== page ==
There is an infinite variety of patterns for tissue-paper drapery to conceal empty coal-grates. The most simple is to take a sufficient number of long sheets of this paper; fold each sheet, lengthways, in four or six; and with scissors cut through the edges of the folds, so as to form scollops or points when opened out; leaving at the bottom of each sheet a space to be cut into a deep fringe. Having opened out the sheets, have ready part of the handle or stick of an old broom, cut to fit the length of the aperture or slit left open at the back of the grate for the draught. This stick must be covered with baize or cloth sewed on tightly. Sew to this covering the long streamers of cut tissue-paper, gathering them at the top so that they may hang down full and double. Then lay the stick nicely in the aperture at the lop of the grate-back; fasten it securely, and let the drapery fall over the outside of the bars, so as to conceal them.
The following is a very handsome way of arranging hearth curtains. Have ready a sufficient number of long sheets of tissue-paper. Some of them may be white, others of a delicate pink. They are to be cut out in a handsome open-work pattern. You may take your pattern from muslin-work, flowered ribbon, furniture chintz, wall-paper, or table-covers. The more open it is the better. To render it accurate, first draw the outline on stiff paper, and then cut out that paper accordingly. Lay this cut out model upon a sheet of the pink tissue-paper spread out on a smooth common table, and kept down by weights at each corner. With a pencil, go round the model, and trace its outline upon the tissue-paper. Then with a sharp penknife or scissors, cut it out with great care and nicety. If you use a penknife, keep the tissue-paper stretched out smoothly upon the table, all the time you are doing it.
Next, take two more sheets of the pink paper, and cut the upper part of each sheet into the form of curtain-falls; festooned at the top, and descending long and low at the side. Ornament them with a handsome cut pattern, and scollop the edges.
The white tissue-paper is not to be cut or decorated with an open pattern or flowering. It is to form a lining for the pink, through the open work of which the white is to appear. The form or arrangement of this white paper is to fit or correspond with that of the pink, only that the white must be allowed two or three inches deeper at the edge, that it may project out beyond the pink. These projecting white edges are to be cut into a fringe. Additional fringe must be made of white tissue-paper, and twisted together so as to represent cords; the cords to be finished with tassels made of rolls of white paper fringe, fastened to the cords very neatly by sewing them on with a needle and thread. Observe that none of the white paper is to be cut out in flower patterns, or any sort of open work. It is only to furnish lining, fringe, cords, and tassels for the pink. Observe, also, that the fringed edge of this white lining is to appear beyond the scolloped edge of the pink outside.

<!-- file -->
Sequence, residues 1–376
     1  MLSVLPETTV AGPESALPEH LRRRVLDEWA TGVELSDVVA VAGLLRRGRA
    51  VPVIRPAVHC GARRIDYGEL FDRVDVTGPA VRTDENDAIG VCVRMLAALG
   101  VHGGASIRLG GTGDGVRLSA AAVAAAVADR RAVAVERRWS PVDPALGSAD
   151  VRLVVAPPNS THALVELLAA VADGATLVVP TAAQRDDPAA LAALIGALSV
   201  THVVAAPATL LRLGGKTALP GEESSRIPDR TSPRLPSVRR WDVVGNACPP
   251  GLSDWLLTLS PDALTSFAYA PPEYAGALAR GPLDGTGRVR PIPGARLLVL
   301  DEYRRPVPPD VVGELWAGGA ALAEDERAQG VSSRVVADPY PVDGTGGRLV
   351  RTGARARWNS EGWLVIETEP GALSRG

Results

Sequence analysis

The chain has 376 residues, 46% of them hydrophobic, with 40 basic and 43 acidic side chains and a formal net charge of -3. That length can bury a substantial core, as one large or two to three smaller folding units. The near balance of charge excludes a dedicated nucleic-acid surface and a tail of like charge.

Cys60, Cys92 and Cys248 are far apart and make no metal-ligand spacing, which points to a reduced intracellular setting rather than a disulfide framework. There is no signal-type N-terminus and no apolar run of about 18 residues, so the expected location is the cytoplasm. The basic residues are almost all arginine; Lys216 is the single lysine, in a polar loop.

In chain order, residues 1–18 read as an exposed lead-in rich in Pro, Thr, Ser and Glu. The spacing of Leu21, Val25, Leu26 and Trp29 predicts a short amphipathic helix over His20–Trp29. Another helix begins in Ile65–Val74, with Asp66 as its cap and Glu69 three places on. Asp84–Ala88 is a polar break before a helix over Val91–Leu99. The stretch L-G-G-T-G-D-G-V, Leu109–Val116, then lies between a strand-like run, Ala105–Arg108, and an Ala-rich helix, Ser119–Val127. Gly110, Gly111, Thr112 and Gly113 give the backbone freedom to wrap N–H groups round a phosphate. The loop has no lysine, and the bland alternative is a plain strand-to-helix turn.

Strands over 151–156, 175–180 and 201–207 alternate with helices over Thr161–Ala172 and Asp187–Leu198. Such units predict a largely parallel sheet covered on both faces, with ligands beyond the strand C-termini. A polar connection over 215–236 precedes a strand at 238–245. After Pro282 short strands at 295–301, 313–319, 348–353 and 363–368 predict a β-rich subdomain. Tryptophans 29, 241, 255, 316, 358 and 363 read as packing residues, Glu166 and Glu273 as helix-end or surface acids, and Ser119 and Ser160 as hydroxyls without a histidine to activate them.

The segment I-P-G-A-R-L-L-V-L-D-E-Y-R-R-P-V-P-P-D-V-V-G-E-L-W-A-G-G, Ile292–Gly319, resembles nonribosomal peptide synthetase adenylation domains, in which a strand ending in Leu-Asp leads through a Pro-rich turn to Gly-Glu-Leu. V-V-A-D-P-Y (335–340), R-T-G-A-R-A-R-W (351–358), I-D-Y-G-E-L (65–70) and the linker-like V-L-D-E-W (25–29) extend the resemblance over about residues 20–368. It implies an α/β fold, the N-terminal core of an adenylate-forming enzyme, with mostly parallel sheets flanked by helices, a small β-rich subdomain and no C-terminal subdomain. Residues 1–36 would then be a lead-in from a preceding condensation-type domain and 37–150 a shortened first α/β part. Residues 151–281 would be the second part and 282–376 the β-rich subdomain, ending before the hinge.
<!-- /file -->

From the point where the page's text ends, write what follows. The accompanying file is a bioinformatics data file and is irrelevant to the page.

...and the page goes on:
When all is ready, arrange it handsomely in the fireplace, so as entirely to conceal the whole of the grate. It must be fixed at the top by sewing it to a covered piece of broom-handle, made to fit the draught aperture. The two long straight pieces of pink paper, with their white lining underneath, are to go on first. Then put up the festoons with their falls, having their white lining beneath, with its fringe appearing beyond the pink scollops. Then put on, at proper distances, the white cords and tassels. The effect, when complete, will represent at the back, closed pink curtains, with their white lining appearing through the cut-out flower pattern; over them, two festoons and falls of pink lined with white, opening in front with their white fringe, and white cords and tassels. In these festoons and falls, the cut-out flowers of the pink paper outside, show the white paper lining beneath. If well executed, these hearth curtains will (as we have seen) have a most beautiful effect. The pattern or flowering of the cut work is displayed to great advantage by the white lining. In one parlour you may have hearth curtains of pink and white; in the other of green and white, or blue and white.
Hearth curtains of tissue-paper may be fixed to the front ledge or slab that goes along the top of the grate, provided this ledge is wide enough. Leave, uncut, at the top of the sheets of paper, a plain piece to fit the ledge. To. keep down this paper upon the ledge, prepare three heavy weights (for instance smooth stones) covered with thick silk or satin, and decorated with large bows of ribbon of the same colour. In this way, by keeping it down with weights on the top, we have seen a very handsome drapery of cut out tissue-paper entirely concealing a Franklin stove.